Narayan’s critical understanding of laser-solid interactions

led to nonequilibrium pulsed laser evaporation

at higher laser energies, and deposition of thin films.

His group at NCSU (along with Bell Labs) published

first seminal paper on pulsed laser deposition (PLD) of

thin films of high-Tc superconductors in 1987. Since

then, PLD technique has become one of the most popular

techniques for thin film deposition along with

MOCVD and MBE. The PLD is proving to be an elegant

nonequilibrium technique, lending itself to higher

quality films of multicomponent systems at lower thermal

budgets with fewer processing steps.

In other research areas, Dr. Narayan discovered domain

matching epitaxy, a new paradigm for thin film

epitaxy across the misfit scale, which is based upon

matching of integral multiples of lattice planes across

the film-substrate interface. This is a crucial step in the

fabrication of GaN based light emitting diodes on sapphire

and silicon substrates where lattice misfit can

range from 14–20%. Narayan also invented novel

Nano PocketLEDs where carriers are quantum confined

by introducing a thickness variation to control the

bandgap of GaInN/GaN quantum wells. The thickness

variation is introduced during thin film growth as a result

of misfit strain between GaInN and GaN layers.

Using this paradigm of epitaxy across the misfit scale,

it is possible to integrate functionality of new materials

on the silicon chip and create smart devices for sensing,

manipulation and rapid response. In the area of new

materials, Dr. Narayan discovered 1-2-4 (Y1Ba2Cu4O8)

super- conductors Tc > 80–100K and 1-2-4 and 1-2-3

(Y1Ba2Cu4O7-) composites with enhanced flux-pinning.

He discovered ZnMgO and ZnCdO alloys for LEDs

and doped ZnO based materials as transparent conductors,

and pioneered epitaxial growth of diamond thin

films on Si(100) and Cu (100) substrates. The pulse laser

method for synthesis and processing of continuous diamond

thin films on nondiamond substrates, such as

Cu(100), makes it possible to create hydrogen-free diamondlike

carbon films.

During various stages of his research career,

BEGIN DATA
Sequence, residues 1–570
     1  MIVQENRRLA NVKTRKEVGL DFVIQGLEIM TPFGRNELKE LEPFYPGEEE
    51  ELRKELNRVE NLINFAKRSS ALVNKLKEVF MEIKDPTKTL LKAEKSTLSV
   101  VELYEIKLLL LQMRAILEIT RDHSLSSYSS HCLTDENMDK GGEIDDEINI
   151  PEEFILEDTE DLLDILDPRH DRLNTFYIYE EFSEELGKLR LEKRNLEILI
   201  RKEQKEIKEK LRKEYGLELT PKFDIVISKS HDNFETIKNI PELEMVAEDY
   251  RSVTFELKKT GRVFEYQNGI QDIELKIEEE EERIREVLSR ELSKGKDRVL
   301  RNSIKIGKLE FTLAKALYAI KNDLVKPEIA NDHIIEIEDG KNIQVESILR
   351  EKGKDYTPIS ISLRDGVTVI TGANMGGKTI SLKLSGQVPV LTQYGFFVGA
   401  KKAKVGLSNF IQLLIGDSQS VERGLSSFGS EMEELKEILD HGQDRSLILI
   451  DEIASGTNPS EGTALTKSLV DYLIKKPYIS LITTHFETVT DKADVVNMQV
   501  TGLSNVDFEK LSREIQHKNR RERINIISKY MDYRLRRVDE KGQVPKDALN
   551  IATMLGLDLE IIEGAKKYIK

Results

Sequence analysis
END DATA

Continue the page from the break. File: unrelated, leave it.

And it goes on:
Dr. Narayan developed atomic-resolution electron

microscopy techniques to study the atomic structure of

defects (dislocations) and interfaces, which are based

upon a three-step interactive procedure: calculation

simulation and comparison with experimental results.

Professor Narayan’s outstanding research contributions

have earned him many awards and recognitions.

He is an elected Fellow of MRS (inaugural Class),

TMS, APS, AAAS, ASM, and a Fellow of the National

Academy of Sciences in India. His awards include the

US-DOE Outstanding Research Award, Three IR-100

Awards, Honorary Member MRS-I, ASM Gold Medal,

and Edward DeMille Campbell Lecture and Prize, IIT/K

Distinguished Alumnus Award. In 2005 at the Annual

TMS Meeting in San Francisco a symposium was held

in Dr. Narayan’s honor.

The Acta Materialia Gold Medal is awarded annually

by the Board of Governors of Acta Materialia, Inc. with

partial financial support from Elsevier, the publisher of

Acta journals. Nominees are solicited each year from the

Governors, the Cooperating Societies and Sponsoring

Societies of Acta Materialia, Inc. based on demonstrated

ability and leadership in materials research. A

distinguished panel of international judges makes the

determination of the winner. The Award consists of

the gold medal, donated by the publisher, Elsevier, an

inscribed certificate, and a check for a sum of money

that constitutes the Board’s contribution to the award


There will be an International Conference on

Advances in Nanostructured Materials and Applications

(designated as The 2011 Acta Materialia Gold Medal

symposium honoring Professor Narayan), sponsored

by ASM International and TMS at the Materials

Science & Technology 2011 Conference & Exhibition,

October 16–20, 2011, Columbus, Ohio. The Acta

Materialia Gold Medal will be presented at the ASM

Awards Ceremony on October 18, 2011. The Materials

Research Society will hold an Invited Symposium on

Frontiers of Thin Film Epitaxy and Nanostructured

Materials, in Professor Narayan’s Gold Medal honor,

at the 2011 MRS Spring Meeting in San Francisco,

April 25–29, 2011.